“A mile away in the night I had heard the bombs
Sing and then burst themselves between cramped houses
With bright soft flashes and sounds like banging doors;” ~ Roy Fisher, from “The Entertainment of War”
Making beauty out of the blasphemous (reblobbed from an article by Damien Gayle in The Daily Mail):
A Palestinian woman waters dozens of plants near her desert home, each growing from used tear gas canisters collected in years of clashes with Israeli soldiers.
Her curious garden, photographed today, is in the village of Bilin, near the West Bank city of Ramallah, the de facto capital of the State of Palestine.
Much of the territory is disputed. Israel continues to expand settlements in the West Bank which the international community have long ago ruled to be illegal.
Disputed land: A Palestinian woman waters dozens of plants near her desert home, each growing from used tear gas canisters collected in clashes with Israeli soldiers during protests against the West Bank occupation
Poignant: The curious garden, photographed today, is in the village of Bilin, near the West Bank city of Ramallah, the de facto capital of the State of Palestine
Symbolic: The flowers, with their unusual pots, mark land Palestinians were able to reclaim two years ago after a court battle to re-route Israel’s controversial security wall
The flowers, with their unusual pots, mark land Palestinians were able to reclaim two years ago after a court battle to re-route Israel’s controversial security wall.
“A mother looks at another—
a sea of small bodies
burnt or decapitated
and asks, How do we mourn this?: ~ Nathalie Handal, “Tiny Feet”
Still under construction, the Israeli West Bank barrier is a security wall that will eventually stretch 430 miles around the entire West Bank region.
Israel argues that the barrier is needed to protect its people from Palestinian terrorism, and since construction began the number of suicide bombing attacks have fallen significantly.
But critics of the policy object that the route of the barrier deviates substantially from internationally agreed boundaries into territories occupied since the 1967 Six-Day War.
They argue that it uses security concerns to mask an illegal attempt to annex Palestinian land.
A flower hangs from the barbed wire of Israel’s barrier: Still under construction, the Israeli West Bank barrier is a security wall that will eventually stretch 430 miles around the entire West Bank region
Beauty in the midst of horror: Israel argues that the barrier is needed to protect its people from Palestinian terrorism, and since construction began the number of suicide bombing attacks have fallen significantly
Surviving in adversity: But critics of the policy object that the route of the barrier deviates substantially from internationally agreed boundaries and uses security fears to mask an illegal attempt to annex Palestinian land
Music by Mogwai, “I Do Have Weapons”
The Diameter Of The Bomb
The diameter of the bomb was thirty centimeters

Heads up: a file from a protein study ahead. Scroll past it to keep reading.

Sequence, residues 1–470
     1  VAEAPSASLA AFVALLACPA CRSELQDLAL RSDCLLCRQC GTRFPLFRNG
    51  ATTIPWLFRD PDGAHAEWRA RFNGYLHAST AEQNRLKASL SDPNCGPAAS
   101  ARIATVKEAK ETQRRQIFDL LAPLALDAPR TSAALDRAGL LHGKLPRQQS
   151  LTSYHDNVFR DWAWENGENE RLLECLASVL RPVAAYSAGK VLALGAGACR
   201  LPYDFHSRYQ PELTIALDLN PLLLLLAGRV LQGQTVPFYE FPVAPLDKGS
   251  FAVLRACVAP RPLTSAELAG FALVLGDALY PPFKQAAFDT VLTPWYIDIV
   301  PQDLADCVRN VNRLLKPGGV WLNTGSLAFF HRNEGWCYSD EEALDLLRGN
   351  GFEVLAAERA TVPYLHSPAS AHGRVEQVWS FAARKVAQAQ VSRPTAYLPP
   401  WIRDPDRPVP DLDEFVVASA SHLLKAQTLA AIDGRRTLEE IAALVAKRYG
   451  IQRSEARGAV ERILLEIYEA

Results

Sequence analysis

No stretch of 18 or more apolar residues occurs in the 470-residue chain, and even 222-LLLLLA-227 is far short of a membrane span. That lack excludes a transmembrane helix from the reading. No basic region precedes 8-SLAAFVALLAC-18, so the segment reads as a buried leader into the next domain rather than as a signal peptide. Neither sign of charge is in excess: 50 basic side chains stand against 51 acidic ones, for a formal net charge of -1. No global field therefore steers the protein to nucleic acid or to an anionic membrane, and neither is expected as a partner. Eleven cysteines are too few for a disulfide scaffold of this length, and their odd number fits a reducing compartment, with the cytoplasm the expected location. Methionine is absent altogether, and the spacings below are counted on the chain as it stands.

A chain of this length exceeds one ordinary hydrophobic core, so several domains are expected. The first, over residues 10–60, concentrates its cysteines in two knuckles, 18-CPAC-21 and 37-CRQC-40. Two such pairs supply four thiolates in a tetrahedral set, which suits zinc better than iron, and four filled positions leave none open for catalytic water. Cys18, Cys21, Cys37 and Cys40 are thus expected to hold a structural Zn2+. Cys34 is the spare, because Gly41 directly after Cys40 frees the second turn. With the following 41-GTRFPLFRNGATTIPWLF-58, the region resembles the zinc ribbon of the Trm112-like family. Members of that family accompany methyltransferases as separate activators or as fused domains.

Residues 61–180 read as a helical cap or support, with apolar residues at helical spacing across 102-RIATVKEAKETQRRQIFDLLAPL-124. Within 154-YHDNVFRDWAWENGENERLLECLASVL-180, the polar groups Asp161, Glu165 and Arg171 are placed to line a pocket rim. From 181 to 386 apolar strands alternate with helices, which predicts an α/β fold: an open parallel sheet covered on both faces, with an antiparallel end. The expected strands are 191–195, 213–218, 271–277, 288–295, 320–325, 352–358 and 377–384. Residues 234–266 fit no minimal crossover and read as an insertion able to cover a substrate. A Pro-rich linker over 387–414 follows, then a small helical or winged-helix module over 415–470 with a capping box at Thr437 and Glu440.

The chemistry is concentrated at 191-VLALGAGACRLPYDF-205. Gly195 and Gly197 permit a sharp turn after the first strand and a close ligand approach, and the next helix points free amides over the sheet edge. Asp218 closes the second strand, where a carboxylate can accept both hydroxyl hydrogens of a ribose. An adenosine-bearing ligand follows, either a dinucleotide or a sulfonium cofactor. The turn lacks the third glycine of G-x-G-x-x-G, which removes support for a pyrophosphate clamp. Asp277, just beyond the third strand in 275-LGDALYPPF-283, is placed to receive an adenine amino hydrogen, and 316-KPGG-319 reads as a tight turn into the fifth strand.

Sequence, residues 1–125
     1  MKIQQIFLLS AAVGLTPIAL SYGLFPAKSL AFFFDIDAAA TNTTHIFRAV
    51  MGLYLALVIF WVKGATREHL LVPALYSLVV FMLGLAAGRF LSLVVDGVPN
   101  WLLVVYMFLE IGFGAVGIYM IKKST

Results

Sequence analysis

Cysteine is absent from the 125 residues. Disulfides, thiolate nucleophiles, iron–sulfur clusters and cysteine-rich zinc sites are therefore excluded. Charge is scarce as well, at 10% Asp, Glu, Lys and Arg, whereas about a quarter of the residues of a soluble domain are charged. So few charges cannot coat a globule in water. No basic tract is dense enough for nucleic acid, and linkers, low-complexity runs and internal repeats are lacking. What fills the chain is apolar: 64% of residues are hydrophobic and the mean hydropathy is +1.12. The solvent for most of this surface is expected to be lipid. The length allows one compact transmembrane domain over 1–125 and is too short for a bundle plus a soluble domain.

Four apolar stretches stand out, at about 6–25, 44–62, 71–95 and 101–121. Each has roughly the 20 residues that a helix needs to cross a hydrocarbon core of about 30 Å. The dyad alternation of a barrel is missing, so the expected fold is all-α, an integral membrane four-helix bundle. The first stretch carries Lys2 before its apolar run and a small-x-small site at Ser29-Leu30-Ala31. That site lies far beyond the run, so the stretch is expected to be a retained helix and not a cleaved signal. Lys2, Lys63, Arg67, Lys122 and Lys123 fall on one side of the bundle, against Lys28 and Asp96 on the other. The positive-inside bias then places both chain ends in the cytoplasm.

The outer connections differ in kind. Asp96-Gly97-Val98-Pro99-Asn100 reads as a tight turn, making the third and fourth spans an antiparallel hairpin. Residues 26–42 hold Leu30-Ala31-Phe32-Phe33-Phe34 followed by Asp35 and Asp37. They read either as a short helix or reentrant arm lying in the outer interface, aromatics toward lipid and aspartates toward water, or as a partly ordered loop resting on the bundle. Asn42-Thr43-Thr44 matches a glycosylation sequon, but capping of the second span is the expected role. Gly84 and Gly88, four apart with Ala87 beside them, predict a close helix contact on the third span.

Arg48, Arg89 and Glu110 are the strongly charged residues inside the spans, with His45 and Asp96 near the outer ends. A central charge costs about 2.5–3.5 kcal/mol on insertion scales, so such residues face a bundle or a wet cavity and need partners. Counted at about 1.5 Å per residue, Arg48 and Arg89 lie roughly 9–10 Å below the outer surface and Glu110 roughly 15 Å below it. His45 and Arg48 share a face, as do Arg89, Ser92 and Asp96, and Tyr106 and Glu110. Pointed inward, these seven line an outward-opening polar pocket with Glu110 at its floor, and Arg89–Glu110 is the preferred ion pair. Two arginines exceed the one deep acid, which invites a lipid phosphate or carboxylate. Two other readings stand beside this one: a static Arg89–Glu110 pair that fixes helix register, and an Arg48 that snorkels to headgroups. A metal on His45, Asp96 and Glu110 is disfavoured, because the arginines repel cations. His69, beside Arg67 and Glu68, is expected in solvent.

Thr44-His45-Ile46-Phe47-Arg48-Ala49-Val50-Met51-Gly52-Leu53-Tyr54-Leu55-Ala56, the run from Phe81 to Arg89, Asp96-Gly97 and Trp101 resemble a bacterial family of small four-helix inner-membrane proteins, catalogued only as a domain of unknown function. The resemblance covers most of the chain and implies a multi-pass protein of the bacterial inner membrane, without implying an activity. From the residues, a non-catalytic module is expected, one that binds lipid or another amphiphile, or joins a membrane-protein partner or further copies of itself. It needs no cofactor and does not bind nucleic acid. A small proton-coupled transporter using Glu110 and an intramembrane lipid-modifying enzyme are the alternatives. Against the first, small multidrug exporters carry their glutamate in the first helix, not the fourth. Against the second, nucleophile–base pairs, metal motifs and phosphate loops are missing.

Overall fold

and the diameter of its effective range about seven meters,
with four dead and eleven wounded.
And around these, in a larger circle
of pain and time, two hospitals are scattered
and one graveyard. But the young woman
who was buried in the city she came from,
at a distance of more than a hundred kilometers,
enlarges the circle considerably,
and the solitary man mourning her death
at the distant shores of a country far across the sea
includes the entire world in the circle.
And I won’t even mention the crying of orphans
that reaches up to the throne of God and
beyond, making a circle with no end and no God.
“Blue Monday: Rain, debt and divorce make it worst day of the year” ~ From The Daily Mail (1/5/2014)
I had no idea this was a thing, an actual thing that people write about and talk about. Who knew?
Tidbits I picked up from various sites:
In 2005, British academic Cliff Arnall claimed that Blue Monday, the third Monday of January, could be the most depressing day of the year, as anxieties replace holiday cheer and winter drags on.
Cliff Arnall began calculating the happiest and gloomiest days of the year back in 2005 while working as a professor at Cardiff University in Wales.Arnall devised a Blue Monday formula that calculates factors such as weather, debt, time passed since Christmas, failed New Year’s resolutions, low motivation and the need to take action.While there is no scientific support for Arnall’s theory, some might find the formula 1/8W+(D-d)3/8xTQMxNA itself too depressing even to contemplate.
He [Arnall] calculated the date using a variety of factors including weather conditions, debt levels, failed New Year’s resolutions and the number of days that had elapsed since the end of the Christmas holidays.But over the past three years, researchers analysed more than 2million tweets posted by Britons in January looking for negative language and phrases indicating a drop in mood.They found that today, there will be nearly five times the average number of tweets relating to guilt, as people abandon their promises to pursue a healthier lifestyle.The analysis, by drinks company Upbeat, also found complaints about the weather will be six times higher than usual – and men will feel more miserable than women.
Today has also been dubbed Divorce Monday by legal experts. It is the most popular day of the year for starting divorce proceedings. And January is the busiest divorce month, with twice as many divorces being filed as the second most popular month September.
Based on a number of factors, such as weather and post-holidays blues, it’s been suggested that the most depressing day of the year falls on the Monday of the last full week in January.The Calgary Counselling Centre is marking the day by offering a list of ways to beat the doldrums and make this particular Monday a little less blue.”As the holidays come to a close, the post-holiday stress is setting in. A combination of cold weather, bills piling up, returning to work and failed New Year’s resolutions, this time of year can be a challenge for many,” said the centre’s Tara Linsley.Although the science behind declaring Blue Monday the saddest day of the year is questionable, for many the blues they feel this time of year is real and is based on, among other factors, the long stretch of short winter days most Canadians have experienced up to this point, registered psychologist Trang Le told the CBC.”People tend to feel less energetic, less motivated and maybe a little more down than usual,” Le said, adding that as many as 10 per cent of Canadians may be affected by the resulting Seasonal Affective Disorder.